Interesting points:

  • The RAF officer told his 9-year-old before telling his wife, and then told the wife only on his deathbed.  Perhaps these facts can be interpreted differently, but this is what I’m getting from the story as told by the Telegraph.
  • The Churchill cover-up story is based primarily on letters written to the Government inquiring about the story in question.  NOTE TO SELF:  Start letter-writing campaign hoping to confuse and confound future Earthlings.
  • In the middle of a giant, Earth-shattering war, Churchill is concerned about the loss of faith in the Church and public panic.  However, the lack of public interest years later resulted in the destruction of that very same panic-inducing evidence.
  • What’s the deal with 50 years?  Is that the generally accepted moratorium on panic-inducing secret information?

What can we really tell from this whole mess?  Not much really.  There is a man with a story, who went to the controllers of information to seek clarification.  He did not receive any such clarification.  There are government drones who are unconcerned with tales of the past and who allegedly determined archival information of no particular interest and had a bonfire and wine tasting (or the Government is damnable liars!)  The public at large remains interested (or, if we are to believe the MoD, has rekindled their interest post-1950) in any trail of crumbs regarding the UFO phenomenon.  When a match is lit on the Interzone, the resultant blazing information inferno is almost instantaneous.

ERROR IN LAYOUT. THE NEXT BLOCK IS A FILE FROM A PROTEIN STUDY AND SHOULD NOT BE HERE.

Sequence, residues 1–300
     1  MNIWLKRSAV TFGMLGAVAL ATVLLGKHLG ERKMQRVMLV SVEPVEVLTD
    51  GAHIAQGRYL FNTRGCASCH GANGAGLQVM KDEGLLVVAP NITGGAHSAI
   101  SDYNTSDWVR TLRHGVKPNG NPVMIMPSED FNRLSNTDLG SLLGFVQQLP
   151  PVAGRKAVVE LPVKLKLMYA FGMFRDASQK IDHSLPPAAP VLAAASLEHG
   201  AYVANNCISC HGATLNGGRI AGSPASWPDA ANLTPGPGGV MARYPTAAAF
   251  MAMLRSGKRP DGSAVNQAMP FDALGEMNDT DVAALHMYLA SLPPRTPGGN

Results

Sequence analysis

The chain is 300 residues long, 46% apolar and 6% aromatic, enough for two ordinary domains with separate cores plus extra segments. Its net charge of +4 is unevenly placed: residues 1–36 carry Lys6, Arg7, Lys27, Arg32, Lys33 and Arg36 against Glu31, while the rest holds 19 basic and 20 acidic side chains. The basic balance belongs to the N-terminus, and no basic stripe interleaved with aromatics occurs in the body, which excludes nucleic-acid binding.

So, as usual, interested parties remain steadfast in whatever belief they already held.  I find this episode more intriguing for the human behavior aspects than for anything evidential regarding UFOs.

Side Note:  I caught some of History Channel’s show, Black Box UFO Secrets, which I think set off this post.  It was interesting.  I’m a sucker for space video and pilot/astronaut radio communications, regardless of what they are talking about.  What I’m not sold on is Bill Birnes.  Find someone else to discuss this crap on TV, please.

I was left with a few thoughts

  • If the channels are public (and they have a secure channel as well) and they don’t want anyone speculating about what is going on, why are they not using code words on the public channel?